One thing that comes up in radio a lot, is there are presenters on local radio stations, that don’t actually live in the area. It works to get those presenters to visit somewhere in the broadcast area every week at least (if not more). Sitting in different places for an hour a week and purely observing life can transform the presenter’s perspective of the area.
Do you “know the audience’s patch”? Do you go to the places they go? Do you read what they read? Do you watch what they watch? Do you understand their challenges? Do you care about what they care about?
Get into their world as much and as often as you can.
4. Be Useful To Them
This is an extension of making it about the audience. If you can help them with their life, then you have created a true impact.
Teach them something, inform them of something, share something useful with them.
In radio, I like the phrase we use: “social ammunition” – meaning the job of a presenter is to give the audience useful nuggets to talk about with their friends and colleagues during the day. News, entertainment, music, sport. All of these elements can give something to talk about that day.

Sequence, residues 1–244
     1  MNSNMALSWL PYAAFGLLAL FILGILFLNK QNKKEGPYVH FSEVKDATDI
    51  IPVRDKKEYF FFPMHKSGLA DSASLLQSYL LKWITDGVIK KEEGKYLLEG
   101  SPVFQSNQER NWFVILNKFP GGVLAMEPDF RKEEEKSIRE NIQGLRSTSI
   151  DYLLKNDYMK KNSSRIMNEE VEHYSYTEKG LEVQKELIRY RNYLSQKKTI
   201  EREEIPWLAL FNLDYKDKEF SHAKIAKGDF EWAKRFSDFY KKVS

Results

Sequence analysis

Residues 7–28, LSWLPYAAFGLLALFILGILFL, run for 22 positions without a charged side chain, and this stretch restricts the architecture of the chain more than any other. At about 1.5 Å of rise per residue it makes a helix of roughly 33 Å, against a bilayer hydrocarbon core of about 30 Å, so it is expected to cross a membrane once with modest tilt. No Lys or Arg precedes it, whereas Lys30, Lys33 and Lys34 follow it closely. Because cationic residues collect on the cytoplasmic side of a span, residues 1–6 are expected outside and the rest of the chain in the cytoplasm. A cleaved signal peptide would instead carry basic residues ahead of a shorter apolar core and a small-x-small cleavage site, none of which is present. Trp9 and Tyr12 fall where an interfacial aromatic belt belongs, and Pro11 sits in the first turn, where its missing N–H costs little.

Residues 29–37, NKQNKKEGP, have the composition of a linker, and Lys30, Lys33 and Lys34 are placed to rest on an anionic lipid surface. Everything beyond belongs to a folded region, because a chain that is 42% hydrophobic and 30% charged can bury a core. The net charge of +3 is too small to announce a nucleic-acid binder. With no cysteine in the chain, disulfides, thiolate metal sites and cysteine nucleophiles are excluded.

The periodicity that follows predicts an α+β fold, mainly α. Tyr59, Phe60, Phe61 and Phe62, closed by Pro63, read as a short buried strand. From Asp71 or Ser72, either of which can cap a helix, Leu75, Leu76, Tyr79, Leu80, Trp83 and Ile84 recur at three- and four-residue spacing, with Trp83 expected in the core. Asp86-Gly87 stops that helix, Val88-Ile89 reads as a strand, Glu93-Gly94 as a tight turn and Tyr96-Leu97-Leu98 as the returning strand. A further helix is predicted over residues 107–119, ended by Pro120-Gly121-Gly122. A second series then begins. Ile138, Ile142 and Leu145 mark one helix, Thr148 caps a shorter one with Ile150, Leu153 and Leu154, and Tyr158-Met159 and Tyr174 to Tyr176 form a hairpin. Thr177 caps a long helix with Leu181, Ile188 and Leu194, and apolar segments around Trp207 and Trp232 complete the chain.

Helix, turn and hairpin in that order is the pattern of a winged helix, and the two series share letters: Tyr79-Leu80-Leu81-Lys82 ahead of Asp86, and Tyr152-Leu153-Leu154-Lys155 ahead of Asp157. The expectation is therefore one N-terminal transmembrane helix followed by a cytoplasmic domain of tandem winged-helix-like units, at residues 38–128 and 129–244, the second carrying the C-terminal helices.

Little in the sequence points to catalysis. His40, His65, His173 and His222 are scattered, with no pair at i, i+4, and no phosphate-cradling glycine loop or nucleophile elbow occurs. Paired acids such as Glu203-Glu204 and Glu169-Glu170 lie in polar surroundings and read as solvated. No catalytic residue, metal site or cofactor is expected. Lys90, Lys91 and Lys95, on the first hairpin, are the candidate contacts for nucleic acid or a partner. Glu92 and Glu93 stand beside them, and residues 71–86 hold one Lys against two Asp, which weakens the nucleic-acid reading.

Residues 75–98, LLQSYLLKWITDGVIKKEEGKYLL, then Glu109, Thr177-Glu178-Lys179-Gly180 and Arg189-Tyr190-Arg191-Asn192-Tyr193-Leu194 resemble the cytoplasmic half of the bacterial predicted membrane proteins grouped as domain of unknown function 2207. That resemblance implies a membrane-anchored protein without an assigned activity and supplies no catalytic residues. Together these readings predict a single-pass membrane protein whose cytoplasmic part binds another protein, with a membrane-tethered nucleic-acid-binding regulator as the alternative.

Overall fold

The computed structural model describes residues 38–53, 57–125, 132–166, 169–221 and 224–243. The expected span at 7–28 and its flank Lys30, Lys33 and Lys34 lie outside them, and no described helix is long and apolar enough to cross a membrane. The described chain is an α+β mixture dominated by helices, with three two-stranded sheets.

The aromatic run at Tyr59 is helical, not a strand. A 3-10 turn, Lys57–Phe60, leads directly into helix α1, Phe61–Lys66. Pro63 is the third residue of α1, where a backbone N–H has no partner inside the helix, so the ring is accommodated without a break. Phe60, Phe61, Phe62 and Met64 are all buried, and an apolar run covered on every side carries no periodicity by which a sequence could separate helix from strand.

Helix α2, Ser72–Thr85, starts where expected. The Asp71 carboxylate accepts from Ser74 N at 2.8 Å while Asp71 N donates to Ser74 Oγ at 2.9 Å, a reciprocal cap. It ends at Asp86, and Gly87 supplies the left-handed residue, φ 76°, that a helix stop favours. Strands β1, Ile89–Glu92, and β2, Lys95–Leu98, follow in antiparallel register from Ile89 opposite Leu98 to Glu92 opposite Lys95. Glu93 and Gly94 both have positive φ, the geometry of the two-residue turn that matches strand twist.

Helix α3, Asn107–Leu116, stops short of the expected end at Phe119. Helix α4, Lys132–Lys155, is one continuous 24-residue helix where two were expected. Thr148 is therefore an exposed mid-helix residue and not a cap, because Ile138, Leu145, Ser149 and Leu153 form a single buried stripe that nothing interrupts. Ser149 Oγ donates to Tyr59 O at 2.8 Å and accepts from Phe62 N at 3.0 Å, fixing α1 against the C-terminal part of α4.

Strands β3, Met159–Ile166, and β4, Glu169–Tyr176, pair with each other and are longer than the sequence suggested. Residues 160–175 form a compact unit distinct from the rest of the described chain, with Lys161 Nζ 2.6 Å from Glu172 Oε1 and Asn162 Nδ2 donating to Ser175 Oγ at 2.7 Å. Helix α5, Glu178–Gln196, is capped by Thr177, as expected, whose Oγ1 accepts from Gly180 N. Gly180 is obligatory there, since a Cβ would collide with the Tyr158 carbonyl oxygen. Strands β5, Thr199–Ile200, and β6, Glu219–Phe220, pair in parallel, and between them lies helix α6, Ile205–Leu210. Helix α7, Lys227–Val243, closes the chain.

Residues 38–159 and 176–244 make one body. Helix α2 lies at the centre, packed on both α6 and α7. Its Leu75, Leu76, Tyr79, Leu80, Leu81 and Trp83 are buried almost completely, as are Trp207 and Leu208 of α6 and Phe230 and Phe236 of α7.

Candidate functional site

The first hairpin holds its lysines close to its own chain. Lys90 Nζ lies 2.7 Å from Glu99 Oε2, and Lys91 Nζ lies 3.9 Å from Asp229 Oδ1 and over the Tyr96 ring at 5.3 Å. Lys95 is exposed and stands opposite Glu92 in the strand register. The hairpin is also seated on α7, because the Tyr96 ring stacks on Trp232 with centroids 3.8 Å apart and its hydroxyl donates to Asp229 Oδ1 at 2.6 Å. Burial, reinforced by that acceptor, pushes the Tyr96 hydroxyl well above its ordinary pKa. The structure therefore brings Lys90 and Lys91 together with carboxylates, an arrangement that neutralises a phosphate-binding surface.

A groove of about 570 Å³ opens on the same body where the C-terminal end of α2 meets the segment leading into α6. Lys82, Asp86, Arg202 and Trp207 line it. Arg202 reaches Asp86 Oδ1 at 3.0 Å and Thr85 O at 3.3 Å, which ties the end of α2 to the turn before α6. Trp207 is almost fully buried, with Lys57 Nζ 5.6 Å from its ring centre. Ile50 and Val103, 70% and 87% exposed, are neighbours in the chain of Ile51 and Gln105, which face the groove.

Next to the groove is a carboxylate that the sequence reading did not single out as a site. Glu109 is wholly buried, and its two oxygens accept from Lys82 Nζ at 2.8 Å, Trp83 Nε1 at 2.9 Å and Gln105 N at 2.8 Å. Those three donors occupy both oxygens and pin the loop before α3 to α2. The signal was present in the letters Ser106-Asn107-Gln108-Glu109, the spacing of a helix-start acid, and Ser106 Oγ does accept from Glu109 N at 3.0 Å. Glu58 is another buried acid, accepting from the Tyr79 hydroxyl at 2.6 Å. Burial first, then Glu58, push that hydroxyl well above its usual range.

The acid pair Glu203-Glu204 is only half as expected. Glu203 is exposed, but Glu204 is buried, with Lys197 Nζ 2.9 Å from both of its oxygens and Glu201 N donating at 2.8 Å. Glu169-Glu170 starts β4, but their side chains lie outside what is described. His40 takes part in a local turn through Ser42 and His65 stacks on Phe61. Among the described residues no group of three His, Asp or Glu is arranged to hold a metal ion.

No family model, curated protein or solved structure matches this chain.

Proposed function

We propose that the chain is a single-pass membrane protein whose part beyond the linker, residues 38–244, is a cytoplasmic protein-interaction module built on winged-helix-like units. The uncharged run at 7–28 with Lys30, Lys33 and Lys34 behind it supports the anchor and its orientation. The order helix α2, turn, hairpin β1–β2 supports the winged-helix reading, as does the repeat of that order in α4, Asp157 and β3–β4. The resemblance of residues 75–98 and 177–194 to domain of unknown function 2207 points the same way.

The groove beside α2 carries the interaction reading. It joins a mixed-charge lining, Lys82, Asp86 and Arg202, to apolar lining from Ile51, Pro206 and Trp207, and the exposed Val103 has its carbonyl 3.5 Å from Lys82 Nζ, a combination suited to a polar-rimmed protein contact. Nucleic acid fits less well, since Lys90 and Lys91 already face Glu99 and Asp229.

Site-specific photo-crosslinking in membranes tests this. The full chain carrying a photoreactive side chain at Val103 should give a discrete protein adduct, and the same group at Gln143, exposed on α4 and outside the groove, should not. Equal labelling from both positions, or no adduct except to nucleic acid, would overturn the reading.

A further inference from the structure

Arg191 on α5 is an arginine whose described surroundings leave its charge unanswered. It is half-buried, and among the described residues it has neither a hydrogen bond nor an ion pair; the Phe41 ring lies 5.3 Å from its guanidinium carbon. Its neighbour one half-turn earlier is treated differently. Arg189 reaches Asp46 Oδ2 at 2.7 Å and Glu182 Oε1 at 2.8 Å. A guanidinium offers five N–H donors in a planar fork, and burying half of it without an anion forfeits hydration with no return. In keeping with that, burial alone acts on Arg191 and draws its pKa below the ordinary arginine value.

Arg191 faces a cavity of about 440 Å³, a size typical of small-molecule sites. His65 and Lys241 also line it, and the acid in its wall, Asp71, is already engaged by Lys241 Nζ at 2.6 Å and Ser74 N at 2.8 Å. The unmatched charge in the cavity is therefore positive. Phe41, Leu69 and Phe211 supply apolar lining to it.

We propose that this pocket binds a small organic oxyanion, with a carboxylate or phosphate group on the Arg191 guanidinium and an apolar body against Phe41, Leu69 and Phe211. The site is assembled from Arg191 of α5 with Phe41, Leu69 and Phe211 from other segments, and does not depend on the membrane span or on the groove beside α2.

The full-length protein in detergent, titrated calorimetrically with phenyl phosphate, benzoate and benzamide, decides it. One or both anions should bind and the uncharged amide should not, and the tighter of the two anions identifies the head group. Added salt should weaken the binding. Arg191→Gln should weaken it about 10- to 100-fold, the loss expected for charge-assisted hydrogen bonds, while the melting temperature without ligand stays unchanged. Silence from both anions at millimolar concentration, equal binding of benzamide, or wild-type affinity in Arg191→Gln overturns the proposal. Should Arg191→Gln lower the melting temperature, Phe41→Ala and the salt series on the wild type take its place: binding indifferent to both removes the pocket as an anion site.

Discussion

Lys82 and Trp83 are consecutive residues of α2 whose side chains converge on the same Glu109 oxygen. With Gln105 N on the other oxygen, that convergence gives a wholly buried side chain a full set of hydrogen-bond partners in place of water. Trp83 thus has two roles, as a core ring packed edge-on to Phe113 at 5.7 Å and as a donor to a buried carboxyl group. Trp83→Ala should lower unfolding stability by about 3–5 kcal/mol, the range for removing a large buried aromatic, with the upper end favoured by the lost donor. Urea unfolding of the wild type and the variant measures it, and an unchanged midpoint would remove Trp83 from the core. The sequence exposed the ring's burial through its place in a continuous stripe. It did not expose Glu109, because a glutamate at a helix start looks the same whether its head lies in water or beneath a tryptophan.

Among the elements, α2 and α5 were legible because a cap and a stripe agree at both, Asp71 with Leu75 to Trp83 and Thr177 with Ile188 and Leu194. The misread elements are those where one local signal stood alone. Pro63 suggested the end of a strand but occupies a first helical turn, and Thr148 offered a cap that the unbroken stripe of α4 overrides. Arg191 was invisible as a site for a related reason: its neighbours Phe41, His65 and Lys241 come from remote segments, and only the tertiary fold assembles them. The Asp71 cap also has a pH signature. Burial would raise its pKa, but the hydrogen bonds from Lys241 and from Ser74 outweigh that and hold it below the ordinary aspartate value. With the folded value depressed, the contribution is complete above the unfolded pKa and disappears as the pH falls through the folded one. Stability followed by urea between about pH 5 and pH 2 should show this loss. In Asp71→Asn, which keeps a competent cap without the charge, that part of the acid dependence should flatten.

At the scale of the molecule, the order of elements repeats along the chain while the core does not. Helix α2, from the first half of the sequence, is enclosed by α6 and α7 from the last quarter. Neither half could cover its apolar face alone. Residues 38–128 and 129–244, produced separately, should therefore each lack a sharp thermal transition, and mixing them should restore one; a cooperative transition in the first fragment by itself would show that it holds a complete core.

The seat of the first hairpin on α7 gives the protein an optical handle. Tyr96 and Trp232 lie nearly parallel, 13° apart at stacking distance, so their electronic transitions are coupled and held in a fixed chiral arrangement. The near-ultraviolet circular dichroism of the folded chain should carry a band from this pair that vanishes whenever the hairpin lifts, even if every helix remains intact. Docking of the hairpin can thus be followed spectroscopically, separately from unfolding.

In all engaging content creation, useful content is incredibly powerful. Depending on your tribe, it might be that you give tips on how to deal with imposter syndrome? Or how to lay a floor? Or just unboxing a new toy?! All of these things to the respective audiences are useful, it helps them in their day to day life, it gives them their social status, and that means you have created a real lasting impact with them.
5. Use Them
It’s definitely a 2-way street. Your aim is to build your “Know, Like, Trust” factor with your audience. You can’t expect them to trust you if you don’t trust them.
These days you have the ability to speak to the audience “off air”. The Everyday Positivity facebook group is a place where the listeners share stories and advice that I ask them for. To progress this I will be asking what they like, what they want to hear, and what they would like to be involved in.